SD card to add Wi-Fi capability to smart phones
- 05 December, 2003 12:19
Chip design company, SyChip, is testing software for its secure digital I/O (SDIO) wireless LAN (WLAN) card so it can be used to add Wi-Fi capability to smart phones.
With the card and the software, smart phones can use a WLAN to transmit data and double as a cordless Voice over Internet Protocol (VoIP) phone when linked to a corporate IP telephony service, SyChip's director of marketing, Navi Miglani, said.
Wi-Fi capability could be a welcome addition for smart phone users as it offers higher transmission speeds than current phone networks.
VoIP users will also only need one handset that they can use as both a mobile phone while on the road and as their work phone in the office.
SyChip's SDIO 802.11b WLAN card is currently sold as a personal digital assistant (PDA) accessory by SanDisk, ViewSonic and Socket Communications. It retails for about $US130. However, for smart phone use SyChip had to develop new driver software.
"Smart phones have a different user interface, with buttons instead of a touch screen," Miglani said. "We had to develop software for that."
During a session at the Wi-Fi Planet Conference & Expo, Miglani showed a Windows Mobile-based Samsung Electronics i600 device with the SDIO card and a beta version of the driver software.
A final version was due out in the first quarter of 2004, along with software for Palm OS-based smart phones, he said.
SyChip is also working on software to make its SDIO cards work with smart phones based on Symbian's namesake operating system, though Miglani could not say when his company would deliver drivers for that operating system.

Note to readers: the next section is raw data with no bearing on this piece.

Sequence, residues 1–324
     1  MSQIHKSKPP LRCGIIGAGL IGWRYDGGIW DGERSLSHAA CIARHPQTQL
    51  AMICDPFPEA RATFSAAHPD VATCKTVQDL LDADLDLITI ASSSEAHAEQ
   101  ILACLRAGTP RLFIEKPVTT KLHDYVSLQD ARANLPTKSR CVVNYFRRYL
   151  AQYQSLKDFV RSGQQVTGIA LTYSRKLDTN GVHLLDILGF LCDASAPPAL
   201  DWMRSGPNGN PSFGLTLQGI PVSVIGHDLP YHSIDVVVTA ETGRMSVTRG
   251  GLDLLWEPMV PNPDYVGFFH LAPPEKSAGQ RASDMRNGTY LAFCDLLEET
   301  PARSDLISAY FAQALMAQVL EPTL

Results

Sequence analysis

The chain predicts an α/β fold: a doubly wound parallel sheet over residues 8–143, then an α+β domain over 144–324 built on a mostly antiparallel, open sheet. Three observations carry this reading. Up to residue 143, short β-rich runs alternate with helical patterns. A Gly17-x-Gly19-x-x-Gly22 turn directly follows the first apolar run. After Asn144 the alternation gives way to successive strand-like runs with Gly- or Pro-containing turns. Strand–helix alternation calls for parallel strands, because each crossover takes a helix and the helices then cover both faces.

Smart phone users will have to manually install the drivers on their devices to use WLAN.
This would most likely be done through synchronisation with a PC, Miglani said.
SyChip is working with Microsoft with the hope of having its drivers included in future versions of the Windows Mobile software for smart phones.
Product manager in Microsoft's Mobile Devices Division, Jason Gordon, could not make any promises.
"While we have nothing to announce today, one of Microsoft's top priorities is to continue to empower the Windows Mobile software and hardware developer community with both the technical tools and business support to easily develop and market solutions that allow people to connect to people and information in new ways," he said.
Wi-Fi capability was valuable, but users would want to have it built into products and not in the form of an expansion card, a research director at Jupiter Research, Michael Gartenberg, said.
"Many organisations will be looking for devices that have Wi-Fi functionality built in, rather than looking at the aftermarket for expansion cards," he said. "For one thing, the cards tend to protrude on some of the devices, that will certainly hamper usability. Battery life is a second issue. If I am now powering an SDIO Wi-Fi card, that can severely restrict battery life."
On the Samsung device, SyChip's Miglani showed the SDIO card did jut out from the side of the phone.
Phones that have Wi-Fi built in are on the horizon. In Japan, for example, NTT DoCoMo and NEC have developed a handset that supports both third-generation (3G) cellular telephony and WLAN.
The device is due out around the beginning of the new Japanese fiscal year, which starts in April.